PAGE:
After two hours of public testimony on the confirmation of Police Chief John Diaz, the line separating his supporters from his critics was clear: supporters have had the benefit of working closely with the chief over the years, the critics have not. (Another striking clarity: Of the forty plus people who testified at the hearing, supporters of Chief Diaz were overwhelmingly white and Latino; critics were mostly black.)

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"We're living in a tale of two cities," said Reverend Harriet Walden, speaking for Mothers of Police Accountability. The moral of this black-and-white tale, she explained, was that Chief Diaz was willing to reach out to every community but the black community. Walden testified that after the recent videotaped incident of a police officer punching a black teenager, Police Chief Diaz "didn't come to us at all. I'm sure he has done a good job in a lot of ways... but he doesn't speak with the African American community."

Many critics cited the punching incident—and Diaz's lack of public comment or apology to black communities afterward—as the focus of their outrage. "The reason we're here is we want justice," apologies, and answers, testified Milford Muhammad. "The community continues to grow in their outrage. We are not satisfied with your response."

But Diaz had just as many supporters willing to comment on his integrity and professionalism. "Chief Diaz is supportive of alternative communities of which I’m a member," said Suzanne Adams, who's worked with Diaz for 10 years. Adams chairs the LGBT advisory committee for SPD. Last week, the committee voted unanimously to support Diaz's confirmation. "He's overseen the growth and development of very fine officers— [among them] Nick Metz, Jim Pugel, and also Dick Reid. We find these people to be very accountable and follow the same high standards that Chief Diaz commands," said Adams.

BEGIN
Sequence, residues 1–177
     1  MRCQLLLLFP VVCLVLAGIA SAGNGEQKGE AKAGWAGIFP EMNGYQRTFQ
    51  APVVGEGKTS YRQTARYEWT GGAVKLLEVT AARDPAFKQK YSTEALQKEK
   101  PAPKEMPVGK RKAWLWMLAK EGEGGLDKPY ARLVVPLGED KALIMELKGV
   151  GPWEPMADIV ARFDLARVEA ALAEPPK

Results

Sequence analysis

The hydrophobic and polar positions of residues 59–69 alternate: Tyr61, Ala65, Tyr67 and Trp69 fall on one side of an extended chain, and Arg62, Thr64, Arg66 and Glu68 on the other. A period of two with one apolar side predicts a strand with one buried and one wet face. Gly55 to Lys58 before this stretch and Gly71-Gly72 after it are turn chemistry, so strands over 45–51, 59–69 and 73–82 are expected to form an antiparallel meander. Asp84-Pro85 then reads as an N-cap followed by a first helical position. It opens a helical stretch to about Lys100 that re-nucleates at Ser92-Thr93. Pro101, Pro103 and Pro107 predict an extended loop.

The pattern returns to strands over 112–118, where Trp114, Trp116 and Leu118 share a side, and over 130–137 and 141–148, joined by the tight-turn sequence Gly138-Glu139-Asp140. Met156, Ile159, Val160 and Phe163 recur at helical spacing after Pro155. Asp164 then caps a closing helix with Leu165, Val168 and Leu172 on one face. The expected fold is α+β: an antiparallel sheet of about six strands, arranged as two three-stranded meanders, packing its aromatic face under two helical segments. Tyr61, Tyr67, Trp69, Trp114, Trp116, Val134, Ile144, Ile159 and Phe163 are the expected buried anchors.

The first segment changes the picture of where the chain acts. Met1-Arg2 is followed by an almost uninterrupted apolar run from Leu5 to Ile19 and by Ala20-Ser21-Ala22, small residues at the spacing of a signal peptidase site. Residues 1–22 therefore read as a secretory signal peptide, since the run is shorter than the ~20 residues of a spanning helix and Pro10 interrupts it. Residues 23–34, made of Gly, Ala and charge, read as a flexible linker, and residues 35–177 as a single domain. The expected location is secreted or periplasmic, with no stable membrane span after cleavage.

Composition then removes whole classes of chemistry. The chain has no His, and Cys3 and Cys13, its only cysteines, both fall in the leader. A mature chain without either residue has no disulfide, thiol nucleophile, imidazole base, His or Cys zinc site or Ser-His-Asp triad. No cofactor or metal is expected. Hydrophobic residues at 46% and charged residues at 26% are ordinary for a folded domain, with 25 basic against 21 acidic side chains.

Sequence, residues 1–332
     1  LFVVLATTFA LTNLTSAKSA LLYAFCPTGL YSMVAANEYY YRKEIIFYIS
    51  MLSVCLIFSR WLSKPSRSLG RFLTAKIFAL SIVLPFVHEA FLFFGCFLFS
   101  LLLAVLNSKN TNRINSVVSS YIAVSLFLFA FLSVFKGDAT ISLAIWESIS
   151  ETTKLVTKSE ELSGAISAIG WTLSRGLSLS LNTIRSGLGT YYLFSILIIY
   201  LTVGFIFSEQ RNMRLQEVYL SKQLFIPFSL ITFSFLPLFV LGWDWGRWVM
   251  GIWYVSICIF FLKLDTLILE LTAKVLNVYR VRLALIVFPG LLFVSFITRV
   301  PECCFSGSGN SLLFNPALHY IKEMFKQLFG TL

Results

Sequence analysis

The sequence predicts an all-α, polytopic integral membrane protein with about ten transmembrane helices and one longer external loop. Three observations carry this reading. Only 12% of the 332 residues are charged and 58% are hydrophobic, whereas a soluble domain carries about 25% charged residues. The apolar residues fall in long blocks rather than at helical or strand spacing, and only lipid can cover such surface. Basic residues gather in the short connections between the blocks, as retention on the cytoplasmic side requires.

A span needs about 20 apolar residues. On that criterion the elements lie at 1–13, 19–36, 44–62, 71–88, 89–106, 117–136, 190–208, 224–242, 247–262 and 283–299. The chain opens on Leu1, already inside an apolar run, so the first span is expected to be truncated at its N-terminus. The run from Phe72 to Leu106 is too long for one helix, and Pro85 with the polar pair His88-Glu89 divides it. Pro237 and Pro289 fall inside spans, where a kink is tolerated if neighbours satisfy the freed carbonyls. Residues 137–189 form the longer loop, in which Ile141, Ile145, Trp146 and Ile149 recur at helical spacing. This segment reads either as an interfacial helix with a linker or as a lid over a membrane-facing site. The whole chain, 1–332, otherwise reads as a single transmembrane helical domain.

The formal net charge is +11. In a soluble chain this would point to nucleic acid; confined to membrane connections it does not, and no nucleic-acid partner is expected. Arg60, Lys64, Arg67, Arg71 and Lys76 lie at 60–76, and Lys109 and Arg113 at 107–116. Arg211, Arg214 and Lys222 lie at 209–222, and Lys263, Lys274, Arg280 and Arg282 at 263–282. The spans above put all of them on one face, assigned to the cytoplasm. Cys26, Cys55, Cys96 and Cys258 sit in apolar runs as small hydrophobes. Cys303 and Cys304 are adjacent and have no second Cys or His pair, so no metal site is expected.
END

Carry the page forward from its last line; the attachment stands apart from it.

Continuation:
"I've had the opportunity to work with officers and the command staff at west precinct, and I've found them to be professional and polite" under Diaz's leadership, said Belltown resident Gina Alexander, who works with the Belltown Community Council and Belltown Citizens on Patrol.

"I challenge everybody here—work with your community councils," testified Audrey Jernigan, a police chaplain and another Diaz supporter. "Bring your suggestions, complaints to your councils. Work with them. Get things done. I challenge you. We can make changes."

Meanwhile, critics testified that change isn't SPD's strength—it never has been—and now the only change they want to see is a change in command. They sited years of police misconduct and shootings the African American community has had to process alone—among them, the 2000 police shooting of David John Walker, a mentally ill man shoplifting suspect, and the 1988 shooting of Erdman Bascomb, a man killed with a remote control in his hand.

"Every time a black man is killed, they say 'we need more training,'" said Charles Oliver, regional president for Blacks in Government. "I’m sick and tired of hearing that we need training in order to do the right thing."

Clearly, old wounds haven't healed, new wounds are being rubbed raw, and as police accountability activist Anwar Peace testified, "Chief Diaz is a band aid to these wounds. The city deserves some stitches." If confirmed by city council, Chief Diaz has work to do. But Paul Bascomb, chairman of the African American Community Advisory Council, cautiously thinks he's up to the job.

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"Our issues didn’t happen overnight, they're not going to be resolved over night," said Bascomb. "I believe he’ll try to do the right things that are necessary to heal not only the community but the city. I think we need to give him the opportunity… we need to allow ourselves the opportunity to listen as well as we want to be heard."

The city council is slated to vote on Diaz's confirmation on August 9.